Cecil Bothwell, atheist elected to Asheville City Council. Photo by sweetashvegas.
The difference between here and Asheville is: We could NEVER elect an atheist candidate. The national news-blogs reporting, "An openly atheist candidate has actually been elected to office, and in Asheville, North Carolina, of all places," (italics mine) let us know that these national writers don't know Asheville; it is a very liberal area, the counterpoint to ultra-conservative Greenville. They are like yin and yang, but parts of a whole. We all watch the same TV stations and listen to the same radio stations.
The hoopla over atheist Cecil Bothwell (well-known in the area) being elected to City Council, has gone viral, covered by Rachel Maddow on MSNBC last night. What the national news-media keeps missing is what this represents.
Last week, quoting JG Ballard, I talked about the colonizing of the inner-cities by the affluent. The locals who grew up here resent this phenomenon, as well they should. What does it mean to be priced out of the neighborhood you grew up in? What does it mean to have tourists all over your hometown, who sneer at you as if you don't belong and haughtily classify you as a redneck? REDNECKS BUILT THIS PLACE, is the overriding sentiment. The Carolina freak-out over Bothwell is much bigger than Bothwell, dramatizing locals' fears of "outsiders" coming in and transforming the values of Western North Carolina.
Note: I am not saying that Bothwell is an outsider--I don't actually know where he is from. (I'm from Ohio myself; not criticizing outsiders, she quickly clarified!) I am saying that he comports himself like an educated person, blogs about culture, has published books, etc. He is the New South, bringing in gonzo, scary ideas like atheism and frightening the horses.
The tension between these two forces is formidable. But it isn't as simple as Old vs New; it is also class-based, and represents local anxieties about increasing gentrification and residential displacement. People like Bothwell get caught in the fallout.
And then, of course, there is the issue of how atheists are systematically shit on, here in the Heartland. I'm sure atheism is utterly passe on the coasts and in the big cities. But not in the south; at least, not in this neck of the woods. It is enough to get you fired (if three people have to go, the atheist will get the sack) and enough to keep you unemployed, if you are honest about it. As I said here, "Which church do you go to?" is routinely (and inappropriately) asked of politicians running for office. And no way Cecil Bothwell could get elected here in Bob Jones University-land.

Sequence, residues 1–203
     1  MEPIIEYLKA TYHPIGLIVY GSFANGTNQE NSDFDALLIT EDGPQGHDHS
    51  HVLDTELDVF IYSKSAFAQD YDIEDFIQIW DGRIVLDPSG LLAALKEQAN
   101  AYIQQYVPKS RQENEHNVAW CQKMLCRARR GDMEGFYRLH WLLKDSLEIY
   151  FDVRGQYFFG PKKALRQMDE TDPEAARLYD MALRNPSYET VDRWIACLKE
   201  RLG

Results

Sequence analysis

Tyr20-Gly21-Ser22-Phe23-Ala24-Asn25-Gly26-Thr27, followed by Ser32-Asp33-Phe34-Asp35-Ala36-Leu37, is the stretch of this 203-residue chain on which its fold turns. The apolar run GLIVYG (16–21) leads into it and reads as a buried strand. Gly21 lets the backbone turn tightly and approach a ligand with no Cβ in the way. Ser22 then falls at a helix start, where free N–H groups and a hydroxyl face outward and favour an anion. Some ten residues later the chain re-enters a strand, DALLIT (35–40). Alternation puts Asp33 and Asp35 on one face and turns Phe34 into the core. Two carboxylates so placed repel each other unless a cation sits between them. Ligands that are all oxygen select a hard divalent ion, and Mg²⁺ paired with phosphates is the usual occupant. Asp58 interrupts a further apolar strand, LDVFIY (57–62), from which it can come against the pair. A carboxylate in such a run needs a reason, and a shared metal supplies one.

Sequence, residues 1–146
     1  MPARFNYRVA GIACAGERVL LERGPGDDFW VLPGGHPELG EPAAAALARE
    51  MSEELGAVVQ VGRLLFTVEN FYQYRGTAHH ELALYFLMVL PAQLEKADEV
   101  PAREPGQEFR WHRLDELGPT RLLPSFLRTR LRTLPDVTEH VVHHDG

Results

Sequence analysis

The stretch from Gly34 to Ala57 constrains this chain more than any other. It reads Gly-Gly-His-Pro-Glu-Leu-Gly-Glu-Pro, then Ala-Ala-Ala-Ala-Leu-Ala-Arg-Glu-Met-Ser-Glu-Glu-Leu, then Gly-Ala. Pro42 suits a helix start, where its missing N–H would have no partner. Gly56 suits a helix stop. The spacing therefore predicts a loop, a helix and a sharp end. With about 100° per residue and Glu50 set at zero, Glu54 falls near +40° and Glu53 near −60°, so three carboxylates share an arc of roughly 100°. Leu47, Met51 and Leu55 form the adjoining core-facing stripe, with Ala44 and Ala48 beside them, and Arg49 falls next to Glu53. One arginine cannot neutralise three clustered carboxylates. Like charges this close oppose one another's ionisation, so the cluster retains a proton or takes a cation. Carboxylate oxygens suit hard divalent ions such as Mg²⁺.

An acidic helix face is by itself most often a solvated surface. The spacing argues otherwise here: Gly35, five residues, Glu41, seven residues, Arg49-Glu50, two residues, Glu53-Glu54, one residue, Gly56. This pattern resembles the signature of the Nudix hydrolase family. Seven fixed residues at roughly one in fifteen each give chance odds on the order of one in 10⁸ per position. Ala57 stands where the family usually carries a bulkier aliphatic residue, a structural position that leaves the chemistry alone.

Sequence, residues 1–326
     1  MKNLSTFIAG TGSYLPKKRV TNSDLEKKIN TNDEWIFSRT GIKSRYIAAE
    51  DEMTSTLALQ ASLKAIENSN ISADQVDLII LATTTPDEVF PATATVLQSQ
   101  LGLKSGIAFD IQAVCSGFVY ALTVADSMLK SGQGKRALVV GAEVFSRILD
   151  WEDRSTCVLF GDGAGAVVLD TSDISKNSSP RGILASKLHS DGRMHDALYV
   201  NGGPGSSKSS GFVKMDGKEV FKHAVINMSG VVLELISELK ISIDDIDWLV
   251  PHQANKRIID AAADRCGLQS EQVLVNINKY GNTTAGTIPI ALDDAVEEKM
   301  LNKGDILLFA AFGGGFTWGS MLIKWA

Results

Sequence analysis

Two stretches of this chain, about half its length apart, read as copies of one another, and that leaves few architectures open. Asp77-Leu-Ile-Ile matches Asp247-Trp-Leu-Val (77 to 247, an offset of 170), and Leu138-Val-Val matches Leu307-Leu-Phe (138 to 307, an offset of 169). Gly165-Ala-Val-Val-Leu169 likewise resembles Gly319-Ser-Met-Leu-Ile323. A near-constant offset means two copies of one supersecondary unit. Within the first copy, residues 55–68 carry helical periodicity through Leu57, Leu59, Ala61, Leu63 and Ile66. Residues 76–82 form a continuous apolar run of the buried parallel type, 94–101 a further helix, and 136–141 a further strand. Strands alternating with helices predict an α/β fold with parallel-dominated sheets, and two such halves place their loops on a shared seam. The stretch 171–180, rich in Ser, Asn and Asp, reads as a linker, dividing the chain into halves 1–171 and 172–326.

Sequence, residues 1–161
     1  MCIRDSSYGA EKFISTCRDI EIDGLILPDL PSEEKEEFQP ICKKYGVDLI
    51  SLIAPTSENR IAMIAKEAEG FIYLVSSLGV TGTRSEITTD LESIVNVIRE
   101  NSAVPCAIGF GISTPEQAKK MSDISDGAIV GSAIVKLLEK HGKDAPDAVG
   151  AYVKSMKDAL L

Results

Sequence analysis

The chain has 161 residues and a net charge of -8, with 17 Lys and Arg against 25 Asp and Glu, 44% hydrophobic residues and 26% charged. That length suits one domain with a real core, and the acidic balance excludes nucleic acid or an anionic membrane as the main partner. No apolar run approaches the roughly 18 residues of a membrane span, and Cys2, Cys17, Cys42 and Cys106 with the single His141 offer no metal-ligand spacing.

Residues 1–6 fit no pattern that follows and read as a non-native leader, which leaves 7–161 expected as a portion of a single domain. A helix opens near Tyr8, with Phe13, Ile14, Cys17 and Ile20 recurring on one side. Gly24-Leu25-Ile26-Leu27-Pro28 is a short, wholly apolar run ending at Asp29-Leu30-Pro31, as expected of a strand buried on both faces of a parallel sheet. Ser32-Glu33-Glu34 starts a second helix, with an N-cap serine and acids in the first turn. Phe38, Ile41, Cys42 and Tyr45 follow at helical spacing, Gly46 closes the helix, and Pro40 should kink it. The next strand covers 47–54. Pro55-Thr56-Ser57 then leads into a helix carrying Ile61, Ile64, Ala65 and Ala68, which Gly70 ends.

The discriminatory idea that an atheist isn't as morally upright as a believer, ANY believer, is even covered in North Carolina's constitution:
Opponents of Cecil Bothwell are seizing on that law to argue he should not be seated as a City Council member today, even though federal courts have ruled religious tests for public office are unlawful under the U.S. Constitution.And so, the conflict is evident--national values or North Carolina values? (I'm proud to say that atheists are now eligible to run for any office in South Carolina, thanks to Herb Silverman.)
Voters elected the writer and builder to the council last month.
“I'm not saying that Cecil Bothwell is not a good man, but if he's an atheist, he's not eligible to serve in public office, according to the state constitution,” said H.K. Edgerton, a former Asheville NAACP president.
Article 6, section 8 of the state constitution says: “The following persons shall be disqualified for office: First, any person who shall deny the being of Almighty God.”
Rights enshrined in the U.S. Constitution trump the restriction in the state constitution, said Bob Orr, executive director of the N.C. Institute for Constitutional Law.
“I think there's any number of federal cases that would view this as an imposition of a religious qualification and violate separation of church and state,” said Orr, a former state Supreme Court justice.
In 1961, the U.S. Supreme Court ruled Maryland's requirement for officials to declare belief in God violated the freedom of religion guaranteed by the First Amendment.
Additionally, Article VI of the U.S. Constitution says: “no religious Test shall ever be required as a Qualification to any Office or public Trust under the United States.”
Of course, Bothwell's atheism should not even be an issue.
I hope you will join me in supporting Cecil Bothwell's right to serve the voters, as he was properly elected to do.